The Wilderness Enlightenment School

How to Build a Fire

 

 

 

The ability to consistently and quickly build a fire in Nature is a fundamental skill set that all who venture into the wilderness should possess. I use the term build a fire instead of start a fire, because building a fire is exactly what is require to cook food or heat the body. The objective of "Building a Fire" is to bring and gather the correct natural material for the job and quickly transition into cooking food and/or heating oneself. Since we are in nature The Wilderness Enlightenment School attempts to make use of natures renewable resources. We seek to move far beyond the popular speak of survival, which implies that one is nearly existing and into the realm of sustainable thriving! With these concepts in mind, I will began with my explanation of "Building a Fire.

I am a firm believer in bringing a reasonable amount of tinder with me and harvesting dry standing deadwood because it is highly combustible and using it as kindling and fuel. The preferred choice material for small fuel and large fuel is a standing dead tree that no longer has bark on it. These hardwood trees will look like a giant bone protruding from the ground. The hardwood tree should be solid and not crumble when struck with an axe. To harvest these trees we will need a well made, sharp ax/hatchet or tomahawk. If you do not prefer an edged tool, you will need a buck saw, bow saw, or folding saw to cut down the dead standing hardwood  into manageable sections.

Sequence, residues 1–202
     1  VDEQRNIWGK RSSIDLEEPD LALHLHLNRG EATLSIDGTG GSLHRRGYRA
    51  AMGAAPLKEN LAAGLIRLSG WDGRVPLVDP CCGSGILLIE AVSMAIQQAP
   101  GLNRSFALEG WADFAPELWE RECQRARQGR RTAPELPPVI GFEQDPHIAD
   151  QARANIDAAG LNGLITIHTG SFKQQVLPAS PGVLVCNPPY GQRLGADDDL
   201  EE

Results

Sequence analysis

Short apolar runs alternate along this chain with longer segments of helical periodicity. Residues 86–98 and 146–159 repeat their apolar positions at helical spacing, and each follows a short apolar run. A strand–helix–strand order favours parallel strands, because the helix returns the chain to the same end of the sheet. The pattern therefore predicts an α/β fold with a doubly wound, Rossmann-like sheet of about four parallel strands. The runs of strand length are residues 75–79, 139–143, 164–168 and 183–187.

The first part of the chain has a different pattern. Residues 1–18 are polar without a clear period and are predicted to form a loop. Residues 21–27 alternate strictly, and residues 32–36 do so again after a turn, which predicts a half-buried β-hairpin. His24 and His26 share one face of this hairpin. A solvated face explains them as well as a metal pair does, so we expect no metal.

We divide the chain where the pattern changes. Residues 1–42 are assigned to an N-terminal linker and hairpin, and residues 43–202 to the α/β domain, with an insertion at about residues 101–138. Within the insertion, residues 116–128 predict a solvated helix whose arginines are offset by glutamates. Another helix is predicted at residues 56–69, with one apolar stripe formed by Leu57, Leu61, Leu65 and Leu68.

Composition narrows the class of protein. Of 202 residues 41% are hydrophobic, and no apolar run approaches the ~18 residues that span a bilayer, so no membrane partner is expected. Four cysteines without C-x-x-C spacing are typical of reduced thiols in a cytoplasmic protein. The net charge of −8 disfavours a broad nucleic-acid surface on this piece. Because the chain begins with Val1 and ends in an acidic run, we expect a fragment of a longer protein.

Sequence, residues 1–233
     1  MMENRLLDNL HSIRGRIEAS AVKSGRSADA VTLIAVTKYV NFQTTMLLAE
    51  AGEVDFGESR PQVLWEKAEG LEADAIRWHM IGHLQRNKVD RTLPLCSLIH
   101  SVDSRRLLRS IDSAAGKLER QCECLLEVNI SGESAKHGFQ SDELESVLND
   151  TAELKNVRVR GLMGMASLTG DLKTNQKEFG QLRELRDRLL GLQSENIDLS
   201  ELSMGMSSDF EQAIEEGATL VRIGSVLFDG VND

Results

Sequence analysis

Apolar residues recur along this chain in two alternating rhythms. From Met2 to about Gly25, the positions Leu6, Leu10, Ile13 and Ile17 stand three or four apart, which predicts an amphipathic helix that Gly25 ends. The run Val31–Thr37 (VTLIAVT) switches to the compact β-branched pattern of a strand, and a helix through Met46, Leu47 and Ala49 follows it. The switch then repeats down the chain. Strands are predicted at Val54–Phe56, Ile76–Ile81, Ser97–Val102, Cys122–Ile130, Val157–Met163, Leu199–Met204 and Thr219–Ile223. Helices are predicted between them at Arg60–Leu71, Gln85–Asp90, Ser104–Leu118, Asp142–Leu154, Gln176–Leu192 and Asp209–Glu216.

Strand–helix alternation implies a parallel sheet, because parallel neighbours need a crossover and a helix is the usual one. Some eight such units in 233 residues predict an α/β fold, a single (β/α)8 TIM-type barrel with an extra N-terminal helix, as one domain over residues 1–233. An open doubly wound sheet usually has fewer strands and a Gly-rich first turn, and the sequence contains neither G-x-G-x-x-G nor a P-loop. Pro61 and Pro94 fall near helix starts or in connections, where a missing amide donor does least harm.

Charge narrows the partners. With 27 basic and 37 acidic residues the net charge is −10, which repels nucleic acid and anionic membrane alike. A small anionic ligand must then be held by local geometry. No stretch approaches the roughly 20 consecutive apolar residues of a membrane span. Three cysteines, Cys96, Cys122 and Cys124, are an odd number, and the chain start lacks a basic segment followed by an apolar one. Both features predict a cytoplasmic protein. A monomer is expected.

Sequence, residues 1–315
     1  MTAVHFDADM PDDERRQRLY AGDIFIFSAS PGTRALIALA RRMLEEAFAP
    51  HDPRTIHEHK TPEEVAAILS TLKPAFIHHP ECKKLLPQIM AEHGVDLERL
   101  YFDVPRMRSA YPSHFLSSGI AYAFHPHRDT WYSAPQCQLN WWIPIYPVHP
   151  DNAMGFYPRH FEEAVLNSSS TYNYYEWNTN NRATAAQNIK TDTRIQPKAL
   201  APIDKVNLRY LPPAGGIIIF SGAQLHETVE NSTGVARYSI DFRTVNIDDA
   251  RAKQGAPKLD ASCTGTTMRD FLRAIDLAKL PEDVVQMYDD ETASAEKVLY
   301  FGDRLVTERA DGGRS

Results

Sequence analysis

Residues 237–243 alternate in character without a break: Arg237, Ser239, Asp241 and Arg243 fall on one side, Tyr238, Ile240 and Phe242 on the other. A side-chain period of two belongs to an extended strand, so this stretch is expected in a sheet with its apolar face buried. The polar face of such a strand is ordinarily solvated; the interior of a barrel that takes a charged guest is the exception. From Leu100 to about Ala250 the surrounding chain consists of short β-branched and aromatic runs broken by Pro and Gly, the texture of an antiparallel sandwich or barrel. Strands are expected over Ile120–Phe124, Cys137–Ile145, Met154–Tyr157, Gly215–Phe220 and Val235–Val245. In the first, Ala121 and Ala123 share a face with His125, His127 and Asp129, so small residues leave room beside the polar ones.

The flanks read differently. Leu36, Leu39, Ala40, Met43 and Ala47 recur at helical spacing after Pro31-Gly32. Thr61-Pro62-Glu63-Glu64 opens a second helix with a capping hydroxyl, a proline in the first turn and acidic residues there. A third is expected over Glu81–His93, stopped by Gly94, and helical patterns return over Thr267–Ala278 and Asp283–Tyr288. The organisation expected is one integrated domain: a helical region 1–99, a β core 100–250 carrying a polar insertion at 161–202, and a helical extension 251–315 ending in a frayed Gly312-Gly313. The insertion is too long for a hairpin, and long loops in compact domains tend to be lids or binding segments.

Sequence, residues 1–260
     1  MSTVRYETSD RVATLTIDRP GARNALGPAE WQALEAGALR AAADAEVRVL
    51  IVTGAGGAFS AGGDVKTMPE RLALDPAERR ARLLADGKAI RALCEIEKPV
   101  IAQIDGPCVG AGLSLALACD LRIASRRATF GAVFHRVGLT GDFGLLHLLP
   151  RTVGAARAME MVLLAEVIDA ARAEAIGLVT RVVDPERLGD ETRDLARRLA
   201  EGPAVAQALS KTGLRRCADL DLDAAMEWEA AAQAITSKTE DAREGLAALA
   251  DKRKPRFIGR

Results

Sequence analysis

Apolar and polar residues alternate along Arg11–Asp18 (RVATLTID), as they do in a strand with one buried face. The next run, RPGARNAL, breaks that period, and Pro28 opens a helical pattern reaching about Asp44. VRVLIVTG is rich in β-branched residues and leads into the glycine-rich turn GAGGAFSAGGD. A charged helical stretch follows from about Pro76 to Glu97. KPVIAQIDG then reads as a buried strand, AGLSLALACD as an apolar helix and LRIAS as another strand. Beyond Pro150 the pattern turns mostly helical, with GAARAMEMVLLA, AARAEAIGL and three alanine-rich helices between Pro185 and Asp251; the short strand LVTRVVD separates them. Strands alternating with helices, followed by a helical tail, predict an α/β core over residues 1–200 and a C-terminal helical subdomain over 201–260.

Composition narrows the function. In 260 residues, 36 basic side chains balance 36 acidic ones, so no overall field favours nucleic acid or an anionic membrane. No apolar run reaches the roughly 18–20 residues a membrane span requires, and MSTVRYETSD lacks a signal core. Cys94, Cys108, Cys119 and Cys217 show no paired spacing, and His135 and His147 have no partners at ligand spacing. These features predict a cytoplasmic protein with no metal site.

Dividing the fuel into separate groups based on size

  • shavings = Tinder
  • finger size sticks = Kindling
  • two finger size sticks = Small Fuel
  • wrist size sticks = Small Fuel
  • arm size sticks = Large Fuel
  • thigh sized logs = Large Fuel

All of this splitting and sectioning should take place on as dry a surface as possible, like a large section of tree bark, a shallow dry hole, or several logs. Since the wind is always blowing, one should find a location that does not receive the full force of then wind and position himself so that the wind is blowing towards his back.

From here the person ignites the tinder (shavings) and then the kindling and continues to add larger and larger pieces until the desired size fire is built. Oxygen is needed to maintain a fire and can be increased by fanning with a brimmed hat, blowing with your mouth or using a non-flammable tube as a blower.

There are many types of fires which are used while we are out in Nature, and each is better suited for one task over another. There are fires for cooking, fires for heating, fires for signalling and fires for simply keeping bugs away. Whatever the purpose of your fire it is important that you build it based on a particular task. Building fires is a skill that must be developed over time and can only be mastered with repeated use and under various conditions. Everyone should be mindful that each person is different and will build their fire based on their level of understanding and personal taste. As The Wilderness Enlightenment School grows, we will add videos to assist newer people in developing their skills and offer options.

 

 

 

 

Our Motto is "Get Out and Stay Out"